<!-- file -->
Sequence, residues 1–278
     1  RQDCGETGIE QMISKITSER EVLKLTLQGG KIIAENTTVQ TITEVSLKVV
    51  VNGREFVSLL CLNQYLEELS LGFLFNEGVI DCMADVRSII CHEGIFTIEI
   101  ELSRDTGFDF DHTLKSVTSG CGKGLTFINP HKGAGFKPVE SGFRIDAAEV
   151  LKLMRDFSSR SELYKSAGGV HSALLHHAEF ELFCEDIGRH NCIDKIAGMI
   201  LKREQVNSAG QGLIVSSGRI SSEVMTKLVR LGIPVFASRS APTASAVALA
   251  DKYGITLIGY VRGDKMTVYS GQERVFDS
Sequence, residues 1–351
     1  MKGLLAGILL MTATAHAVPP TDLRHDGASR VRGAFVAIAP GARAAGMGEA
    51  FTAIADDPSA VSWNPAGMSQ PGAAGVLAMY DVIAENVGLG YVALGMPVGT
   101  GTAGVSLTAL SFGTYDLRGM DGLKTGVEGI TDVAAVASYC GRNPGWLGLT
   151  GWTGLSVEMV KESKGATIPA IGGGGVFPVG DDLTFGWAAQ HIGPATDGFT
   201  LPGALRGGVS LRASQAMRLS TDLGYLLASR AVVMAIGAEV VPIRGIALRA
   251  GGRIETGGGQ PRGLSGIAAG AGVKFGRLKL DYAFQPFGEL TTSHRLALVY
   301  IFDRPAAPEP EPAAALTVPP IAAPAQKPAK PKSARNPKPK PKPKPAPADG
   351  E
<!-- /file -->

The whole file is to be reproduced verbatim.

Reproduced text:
Sequence, residues 1–278
     1  RQDCGETGIE QMISKITSER EVLKLTLQGG KIIAENTTVQ TITEVSLKVV
    51  VNGREFVSLL CLNQYLEELS LGFLFNEGVI DCMADVRSII CHEGIFTIEI
   101  ELSRDTGFDF DHTLKSVTSG CGKGLTFINP HKGAGFKPVE SGFRIDAAEV
   151  LKLMRDFSSR SELYKSAGGV HSALLHHAEF ELFCEDIGRH NCIDKIAGMI
   201  LKREQVNSAG QGLIVSSGRI SSEVMTKLVR LGIPVFASRS APTASAVALA
   251  DKYGITLIGY VRGDKMTVYS GQERVFDS
Sequence, residues 1–351
     1  MKGLLAGILL MTATAHAVPP TDLRHDGASR VRGAFVAIAP GARAAGMGEA
    51  FTAIADDPSA VSWNPAGMSQ PGAAGVLAMY DVIAENVGLG YVALGMPVGT
   101  GTAGVSLTAL SFGTYDLRGM DGLKTGVEGI TDVAAVASYC GRNPGWLGLT
   151  GWTGLSVEMV KESKGATIPA IGGGGVFPVG DDLTFGWAAQ HIGPATDGFT
   201  LPGALRGGVS LRASQAMRLS TDLGYLLASR AVVMAIGAEV VPIRGIALRA
   251  GGRIETGGGQ PRGLSGIAAG AGVKFGRLKL DYAFQPFGEL TTSHRLALVY
   301  IFDRPAAPEP EPAAALTVPP IAAPAQKPAK PKSARNPKPK PKPKPAPADG
   351  E